Factors That Can Impact Clothes Moths Eating Cotton
Factors that impact whether pesky moths will damage your cotton items include how hungry the larvae actually are, whether the cotton is soiled or saturated with oils, the severity of an infestation, and whether the cotton clothes are near other animal fibre items. Let's go over these factors one by one so that you can better understand why Clothes Moths might damage cotton items.
Are the cotton clothes soiled, stained, or saturated with any oils?
Clothes Moth Larvae will tunnel through essentially anything that contains digestible proteins, and they aren’t very picky about what they munch on. This means that soiled items are often damaged by hungry moth larvae. Even if a sweater is made of 100% cotton plant fibres, it could be at risk for damage if it is soiled or saturated with oils.
This means that if a dirty sweater accidentally gets put away in your closet, it could be damaged and filled with holes as the larvae gnaw the oily particulate matter off of its fibres. Moreover, if any cotton items are soiled with sweat, oils from the skin, food stains, or even faecal matter or urine, they could become a target for the hungry moth larvae. It’s gross we know, but it’s the truth.
How hungry/desperate are the larvae and how close are the cotton clothes to other animal fibre articles?
Although cotton and plant-based fibres are rarely the primary targets for Clothes Moth Larvae, they can nonetheless become damaged if the situation presents itself. Clothes Moth Larvae aren't exactly culinary experts. Their primary objective is to seek out edible keratin fibres and eat through them as quickly as possible as they grow and pupate. If a preferred food source becomes scarce, larvae could very well sample any nearby clothing articles, including those made of cotton. Or, if the cotton clothes are near leather or wool clothing, they could become unintended casualties of ravenous moth larvae.
Which material blends are present?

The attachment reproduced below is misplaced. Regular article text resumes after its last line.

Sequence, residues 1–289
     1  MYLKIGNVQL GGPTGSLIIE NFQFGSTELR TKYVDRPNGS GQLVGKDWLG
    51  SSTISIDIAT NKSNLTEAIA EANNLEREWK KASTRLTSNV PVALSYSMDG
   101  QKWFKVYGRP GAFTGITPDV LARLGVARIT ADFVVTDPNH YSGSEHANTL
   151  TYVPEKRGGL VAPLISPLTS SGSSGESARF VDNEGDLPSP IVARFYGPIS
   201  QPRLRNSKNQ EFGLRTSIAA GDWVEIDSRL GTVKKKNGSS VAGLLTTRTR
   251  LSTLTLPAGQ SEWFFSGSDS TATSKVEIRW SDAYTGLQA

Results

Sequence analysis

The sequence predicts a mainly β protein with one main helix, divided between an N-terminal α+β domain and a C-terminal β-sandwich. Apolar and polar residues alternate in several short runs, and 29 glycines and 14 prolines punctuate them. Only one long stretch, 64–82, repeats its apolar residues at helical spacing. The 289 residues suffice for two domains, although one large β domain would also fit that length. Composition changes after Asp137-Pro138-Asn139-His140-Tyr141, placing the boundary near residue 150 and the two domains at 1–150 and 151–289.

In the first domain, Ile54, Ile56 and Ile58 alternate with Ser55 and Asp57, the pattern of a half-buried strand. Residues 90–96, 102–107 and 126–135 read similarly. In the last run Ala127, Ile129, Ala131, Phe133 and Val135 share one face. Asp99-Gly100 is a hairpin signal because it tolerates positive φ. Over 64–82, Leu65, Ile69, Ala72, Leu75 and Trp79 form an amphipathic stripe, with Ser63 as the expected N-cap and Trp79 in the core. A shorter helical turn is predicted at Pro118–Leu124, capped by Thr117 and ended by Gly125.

Are your cotton clothing items blended with other materials like silk, wool, leather, etc? These days, most cotton clothes contain a polyester blend. Polyester is of little to no interest to moths. In fact, moth larvae will eat around the plastics and synthetic fibres and leave behind a strange grid of shredded materials in some cases. However, moth larvae will happily still chew up any animal-based fibres that are blended with plant fibres or synthetics in a garment.
Understanding and Identifying Moths that Eat Fabrics
When you start investigating whether Clothes Moths eat cotton, you will generally find many sources saying that Clothes Moths mainly prefer animal fibres like silk, cashmere, or wool. You’ll also likely read that these moths will only occasionally damage cotton garments if they are soiled or blended with animal-based fibres. That’s all fine and well if you are only dealing with Clothes Moths. However, there are a few other types of moths that will damage fabric items if given the opportunity.
Knowing what kinds of moths you may be dealing with can help you properly store items and protect your home. Otherwise, you could be left thinking that your belongings are safe, only to find them riddled with holes or otherwise damaged later on.
What types of moths will eat fabrics?
Moths that commonly damage fabric items in homes include Clothes Moths, Pantry Moths, and Carpet Moths. Let’s go over what to expect from each of these moths respectively and how to correctly identify them. That way, you will better be able to prevent possible pest problems or the destruction of your cotton items.